The USS Jacob Jones (DD-130) served in the U.S. Navy for nearly two and a half decades in the early 20th century. She was named for Commodore Jacob Jones who served in the Quasi-War with France, the War of 1812, the final Barbary War, and as commandant of the Naval Asylum in Philadelphia, Pennsylvania. Jacob Jones was built as a Wickes-class ship.
Jacob Jones was laid down in Camden, New Jersey, by the New York Shipbuilding Corporation in February 1918, launched in November, and commissioned in October 1919 with Lieutenant Commander P.H. Bastedo in command. Carrying a crew of 101, Jacob Jones was 314 feet, five inches long and was armed with four 4-inch rapid-fire guns, two three-inch anti-aircraft guns, and twelve 21-inch torpedo tubes.
Jacob Jones conducted training exercises in the Gulf of Mexico and Pacific in January 1920, and then anti-aircraft and firing exercises along the California coast. Assigned to Destroyer Force, Pacific Fleet in June 1921, Jacob Jones was decommissioned in June 1922 until May 1930, and served as a plane guard for aircraft carriers.
Jacob Jones operated in Chesapeake Bay in May 1930 and was overhauled at Boston in October, and then again at Charleston in 1933. In 1934, Jacob Jones served as an escort when President Roosevelt visited Haiti, and was assigned to minesweeping training in February 1937. She remained a practice ship for reserve officers until January 1938, and was overhauled at Norfolk, Virginia in March.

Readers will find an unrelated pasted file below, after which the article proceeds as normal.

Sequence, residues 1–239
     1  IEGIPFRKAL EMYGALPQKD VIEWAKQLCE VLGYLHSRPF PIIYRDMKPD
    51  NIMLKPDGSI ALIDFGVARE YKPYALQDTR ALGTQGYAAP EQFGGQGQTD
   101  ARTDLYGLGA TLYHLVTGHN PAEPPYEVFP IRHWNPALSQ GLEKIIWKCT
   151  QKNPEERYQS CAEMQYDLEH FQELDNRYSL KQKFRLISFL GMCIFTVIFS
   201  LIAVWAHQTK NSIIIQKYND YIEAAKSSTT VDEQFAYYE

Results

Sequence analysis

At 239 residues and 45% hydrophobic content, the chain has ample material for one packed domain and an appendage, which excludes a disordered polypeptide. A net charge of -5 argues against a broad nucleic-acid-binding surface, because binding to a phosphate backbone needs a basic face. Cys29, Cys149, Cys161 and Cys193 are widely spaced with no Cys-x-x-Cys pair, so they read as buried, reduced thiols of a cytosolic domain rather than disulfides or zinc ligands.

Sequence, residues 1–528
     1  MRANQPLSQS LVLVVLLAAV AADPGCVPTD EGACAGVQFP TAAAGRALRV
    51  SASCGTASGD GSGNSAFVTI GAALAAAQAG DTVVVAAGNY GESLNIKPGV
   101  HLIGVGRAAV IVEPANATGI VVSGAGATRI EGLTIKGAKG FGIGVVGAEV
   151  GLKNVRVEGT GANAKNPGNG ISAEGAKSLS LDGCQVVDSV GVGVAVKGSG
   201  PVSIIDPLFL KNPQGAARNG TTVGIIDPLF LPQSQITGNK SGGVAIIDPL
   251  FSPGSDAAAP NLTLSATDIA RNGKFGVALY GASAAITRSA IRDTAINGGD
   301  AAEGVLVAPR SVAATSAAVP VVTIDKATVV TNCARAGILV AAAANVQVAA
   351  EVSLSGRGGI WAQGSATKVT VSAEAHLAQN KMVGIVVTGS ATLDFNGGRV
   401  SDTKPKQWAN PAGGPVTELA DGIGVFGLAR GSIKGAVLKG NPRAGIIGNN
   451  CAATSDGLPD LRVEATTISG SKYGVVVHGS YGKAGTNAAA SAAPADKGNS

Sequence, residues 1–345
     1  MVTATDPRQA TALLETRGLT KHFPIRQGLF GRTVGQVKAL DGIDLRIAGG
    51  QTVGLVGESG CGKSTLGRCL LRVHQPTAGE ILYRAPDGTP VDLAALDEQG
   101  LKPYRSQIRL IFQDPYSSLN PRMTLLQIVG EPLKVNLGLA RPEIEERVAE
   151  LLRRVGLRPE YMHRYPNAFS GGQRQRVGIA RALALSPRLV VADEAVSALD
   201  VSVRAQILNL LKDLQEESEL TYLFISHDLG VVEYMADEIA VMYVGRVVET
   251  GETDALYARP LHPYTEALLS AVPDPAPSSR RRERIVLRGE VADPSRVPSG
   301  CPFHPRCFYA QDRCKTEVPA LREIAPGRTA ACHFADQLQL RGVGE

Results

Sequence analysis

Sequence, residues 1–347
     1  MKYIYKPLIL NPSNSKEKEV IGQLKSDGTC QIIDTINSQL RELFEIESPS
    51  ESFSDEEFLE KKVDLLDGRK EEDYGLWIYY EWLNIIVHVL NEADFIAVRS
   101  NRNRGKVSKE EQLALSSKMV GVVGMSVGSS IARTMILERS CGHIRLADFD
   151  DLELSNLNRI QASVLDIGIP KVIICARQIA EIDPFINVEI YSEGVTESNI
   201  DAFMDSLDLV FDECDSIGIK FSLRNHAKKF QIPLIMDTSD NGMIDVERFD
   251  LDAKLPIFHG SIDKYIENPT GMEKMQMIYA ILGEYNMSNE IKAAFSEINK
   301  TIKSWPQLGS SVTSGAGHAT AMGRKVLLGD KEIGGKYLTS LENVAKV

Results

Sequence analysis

In September 1938, Jacob Jones operated with Squadron 40-T in the Mediterranean and joined the Neutrality Patrol in 1940. She was assigned to escort duty in New England and Newfoundland in 1941, and joined Convoy HX-169 in January 1942. While serving with this convoy, Jacob Jones encountered a violent storm, and was separated from her accompanying ships.
Jacob Jones came in contact with a submarine near Ambrose Light Ship on the Atlantic coast in February, and dropped 57 depth charges. Although oil slicks appeared, there was no evidence a submarine was destroyed. On February 28, 1942, Jacob Jones was torpedoed by German submarine U-578 near Cape May, New Jersey. Two torpedoes left the ship unable to send a distress call, and Jacob Jones sank 45 minutes later. Twelve survivors were rescued by Eagle 56 of the Inshore Patrol, while 90 crew members were lost.
Asbestos Risk on the USS Jacob Jones (DD-130)
When Jacob Jones was originally built in 1918, asbestos was used primarily in and around engines, boilers, and other heat-producing systems. Her frequent overhauls likely increased her dependence on asbestos insulation and fireproofing. Any time an asbestos product is installed or repaired, it can leave behind a fine dust containing dangerous asbestos fibers. Once inhaled, those fibers can lead to scarring of the lungs and sometimes, mesothelioma cancer. If your loved one was a veteran of Jacob Jones and later developed an asbestos disease, his naval service may have contributed to his illness.Sources
Haze Gray & Underway. Dictionary of American Naval Fighting Ships. DD-130
NavSource Naval History, USS Jacob Jones (DD-130).